A One on One Interview with Dr Aloysius Ssennyonjo – (SPEED Project Manager) Reflecting on the Expert Consultation Workshop on the Political Economy of UHC Financing Reforms held on 2-3rd July, Barcelona- Spain.

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What are your names and position at SPEED?

I am Dr Aloysius Ssennyonjo and work as the Project Manager for SPEED. I am also a Research Fellow in the Department of Health Policy, Planning and Management, Makerere University School of Public Health (MakSPH).

You represented SPEED at a WHO workshop in Barcelona in July 2018, what was it all about?

It was a WHO Expert Consultation Workshop on the political economy of health financing reforms held in Barcelona between 2nd -3rd of July 2018.  This was an invitation by WHO following the World Health Assembly presentation  made by SPEED at the side event organised by EU, and Ministers of health for Uganda and Ethiopia. The meeting was convened within the understanding that many countries are taking on health financing reforms towards Universal health coverage (UHC) with suboptimal attention to the political economy opportunities and constraints that characterise these reform processes. The meeting was attended by 23 experts in the field of health systems, health financing and political economy. These experts included policy makers (from Mexico, Chile, Iran, and Argentina), WHO Geneva and Regional Offices, academia (Harvard University, New York University, SPEED Project-Makerere University) and independent consultants.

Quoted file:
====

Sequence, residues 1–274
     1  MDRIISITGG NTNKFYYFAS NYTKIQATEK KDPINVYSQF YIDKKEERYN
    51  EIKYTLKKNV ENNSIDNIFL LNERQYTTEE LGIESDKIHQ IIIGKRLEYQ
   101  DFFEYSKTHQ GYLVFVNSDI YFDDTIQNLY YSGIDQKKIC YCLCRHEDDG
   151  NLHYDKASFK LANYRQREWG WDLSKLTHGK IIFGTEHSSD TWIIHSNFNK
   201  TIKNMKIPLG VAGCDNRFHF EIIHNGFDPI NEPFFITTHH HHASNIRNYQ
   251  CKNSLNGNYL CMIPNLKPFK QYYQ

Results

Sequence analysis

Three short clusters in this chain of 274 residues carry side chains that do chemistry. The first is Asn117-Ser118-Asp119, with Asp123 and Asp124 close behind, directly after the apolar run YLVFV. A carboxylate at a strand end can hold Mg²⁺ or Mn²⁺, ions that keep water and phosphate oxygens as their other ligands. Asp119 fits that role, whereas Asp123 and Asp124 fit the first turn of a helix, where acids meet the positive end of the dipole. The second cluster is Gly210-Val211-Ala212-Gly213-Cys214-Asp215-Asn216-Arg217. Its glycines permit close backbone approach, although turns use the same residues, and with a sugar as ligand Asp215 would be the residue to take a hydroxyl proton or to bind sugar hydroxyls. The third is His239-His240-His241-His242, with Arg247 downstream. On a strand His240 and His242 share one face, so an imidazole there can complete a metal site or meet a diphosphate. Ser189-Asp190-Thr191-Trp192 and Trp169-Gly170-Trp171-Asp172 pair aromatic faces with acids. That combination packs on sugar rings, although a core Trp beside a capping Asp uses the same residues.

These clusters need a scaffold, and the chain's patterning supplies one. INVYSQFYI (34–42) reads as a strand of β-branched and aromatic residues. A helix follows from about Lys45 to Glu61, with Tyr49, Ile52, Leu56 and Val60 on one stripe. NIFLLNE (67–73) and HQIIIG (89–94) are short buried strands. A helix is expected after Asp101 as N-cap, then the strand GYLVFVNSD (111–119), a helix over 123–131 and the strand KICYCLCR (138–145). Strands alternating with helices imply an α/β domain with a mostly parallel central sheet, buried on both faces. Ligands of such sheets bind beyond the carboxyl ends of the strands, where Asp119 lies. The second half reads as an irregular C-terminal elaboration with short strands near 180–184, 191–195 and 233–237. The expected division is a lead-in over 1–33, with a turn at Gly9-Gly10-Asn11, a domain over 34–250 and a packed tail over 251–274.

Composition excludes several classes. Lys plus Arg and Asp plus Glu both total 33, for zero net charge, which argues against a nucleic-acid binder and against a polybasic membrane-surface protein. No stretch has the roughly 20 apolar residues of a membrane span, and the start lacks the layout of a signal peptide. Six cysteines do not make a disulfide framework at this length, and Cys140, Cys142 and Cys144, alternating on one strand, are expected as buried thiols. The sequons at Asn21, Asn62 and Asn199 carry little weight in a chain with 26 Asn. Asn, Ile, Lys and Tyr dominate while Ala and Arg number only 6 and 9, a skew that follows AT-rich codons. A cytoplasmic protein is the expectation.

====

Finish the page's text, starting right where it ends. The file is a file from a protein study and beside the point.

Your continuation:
Dr Aloysius Ssennyonjo at the entrance of the workshop venue

What were its objectives and theme?

The meeting had two main objectives;  

  • To critically analyse how political economy analysis and strategies informed by policy economy perspectives can be incorporated into health financing reforms.
  • To review a draft framework developed by a team at WHO and Harvard University, look at its utility, implications and seeing how it can be better developed.

The workshop employed plenary and group discussions.  A draft framework on political economy of health financing reform was assessed. Experts commented on the different elements that had been proposed therein and generated areas for adjustment.

Who were the organisers of the workshops?

The meeting was organised by WHO Department of Health Systems Governance and Financing in collaboration with experts from Harvard University School of Public Health.

What in particular did you present about?

In general, I emphasised the role of ideas, frameworks and how they can greatly influence the direction of health reforms. I also emphasised that the political economy perspective does not only consider constraints but it also presents opportunities. Within these realities, actors (such as individuals, groups or organisations) have a room to manoeuvre through their context by drawing on their knowledge, networks, and power to influence policy processes. In that way, these are very important aspects to think about while discussing political economy of any policy reform process. The consideration of the politics of reforms beyond the technical aspects is critical. The need to pay attention to interests was also emphasised.

How was the meeting related to the goal of attaining UHC and SPEED’s objectives?